Those in our group identified themselves as somewhere between preparation and action. Because of we recognized intolerance of racial distress as in conflict with our broader personal goals, the language of White Fragility was helpful for resolving this conflict. However, we recognized that most people experiencing White Fragility are pre-contemplative about it. In this phase, people do not see the ways in which their behavior is in conflict with their broader goals, and the most effective interventions are focused on highlighting this conflict in ways that feel authentic (for example, through motivational interviewing). This line of dialogue will naturally center on the person experiencing White Fragility, so engaging it without furthering victimization narrative that White people often have is a tricky proposition.

With all of this in mind, we began to brainstorm strategies we might use to address our own White Fragility, specifically when receiving negative feedback about racist behavior.

Strategies for addressing our own fragility in response to negative feedback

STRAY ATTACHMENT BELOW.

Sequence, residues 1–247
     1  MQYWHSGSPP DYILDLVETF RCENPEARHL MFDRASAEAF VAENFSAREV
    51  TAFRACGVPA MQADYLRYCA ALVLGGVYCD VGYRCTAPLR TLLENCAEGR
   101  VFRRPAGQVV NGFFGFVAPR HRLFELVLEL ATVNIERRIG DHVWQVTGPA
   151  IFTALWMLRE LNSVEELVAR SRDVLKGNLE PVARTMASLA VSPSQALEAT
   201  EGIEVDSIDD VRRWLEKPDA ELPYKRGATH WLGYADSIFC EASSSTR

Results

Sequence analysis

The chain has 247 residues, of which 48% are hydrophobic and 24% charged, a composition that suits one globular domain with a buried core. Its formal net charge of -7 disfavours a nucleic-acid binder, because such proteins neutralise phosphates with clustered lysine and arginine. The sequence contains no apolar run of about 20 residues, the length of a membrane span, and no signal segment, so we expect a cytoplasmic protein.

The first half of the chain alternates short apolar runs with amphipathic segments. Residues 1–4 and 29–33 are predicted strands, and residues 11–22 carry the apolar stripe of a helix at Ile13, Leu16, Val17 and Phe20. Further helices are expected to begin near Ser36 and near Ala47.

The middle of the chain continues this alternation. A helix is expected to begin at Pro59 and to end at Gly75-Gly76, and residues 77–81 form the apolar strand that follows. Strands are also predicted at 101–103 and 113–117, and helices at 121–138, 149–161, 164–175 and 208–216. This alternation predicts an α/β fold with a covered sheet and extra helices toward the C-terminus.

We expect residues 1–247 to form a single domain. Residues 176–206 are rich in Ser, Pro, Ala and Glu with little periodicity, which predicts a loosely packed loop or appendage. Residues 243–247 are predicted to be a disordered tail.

• Pausing after receiving feedback: Pausing is a common technique use to prevent strong negative emotions from dictating behavior. Recognizing that receiving negative feedback that our actions have had racist consequences will trigger defensiveness, pausing to acknowledge that emotion and let it pass is a helpful technique to avoid reactivity.
  • Having a practiced response: Having a practiced response is a common technique to create space for a pause. We often do this when someone tells us bad news (e.g. “I’m so sorry to hear that”). Something like “Thank you for that feedback, I know it’s not always easy to give” may be sufficient. Importantly, the point of this response must be to give us a second to collect our thoughts to further engage in receiving feedback (if the person wants to engage further), not to cut off the feedback with a canned response.
  • Role playing: Exposure therapy is a common technique to overcome avoidance behaviors. To engage this without further harming people of color, role-playing sessions can be helpful. In Seattle, there have been Theater of the Oppressed workshops specifically focussed on this type of role-playing.
  • Recognizing that everyone is an expert on their own feelings: One of the impulses of White Fragility is to prove to the other person that your intentions were not negative. Arguing against feedback however is counter-productive and only serves to shut down further feedback. However, recognizing that the person who felt hurt by an action they perceived as racist are an expert on their own feelings and are such are correct regardless of your intentions can help quiet this argumentative reflex.